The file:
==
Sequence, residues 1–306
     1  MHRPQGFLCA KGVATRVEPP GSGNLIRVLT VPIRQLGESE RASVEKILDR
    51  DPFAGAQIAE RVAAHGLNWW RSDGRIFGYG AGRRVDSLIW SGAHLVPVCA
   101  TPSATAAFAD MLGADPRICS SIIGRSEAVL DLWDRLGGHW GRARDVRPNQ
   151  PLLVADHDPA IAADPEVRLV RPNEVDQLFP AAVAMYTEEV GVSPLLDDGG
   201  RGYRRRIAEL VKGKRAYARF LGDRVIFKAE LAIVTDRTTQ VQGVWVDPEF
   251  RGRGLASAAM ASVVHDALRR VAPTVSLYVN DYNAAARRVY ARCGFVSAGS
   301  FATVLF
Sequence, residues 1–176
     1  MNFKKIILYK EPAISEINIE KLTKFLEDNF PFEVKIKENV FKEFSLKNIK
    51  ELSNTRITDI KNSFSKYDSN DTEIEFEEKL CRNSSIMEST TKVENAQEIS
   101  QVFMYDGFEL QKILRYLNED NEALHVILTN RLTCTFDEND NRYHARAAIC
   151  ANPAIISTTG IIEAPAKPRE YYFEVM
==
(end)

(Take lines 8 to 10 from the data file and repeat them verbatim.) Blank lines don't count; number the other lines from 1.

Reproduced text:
   301  FATVLF
Sequence, residues 1–176
     1  MNFKKIILYK EPAISEINIE KLTKFLEDNF PFEVKIKENV FKEFSLKNIK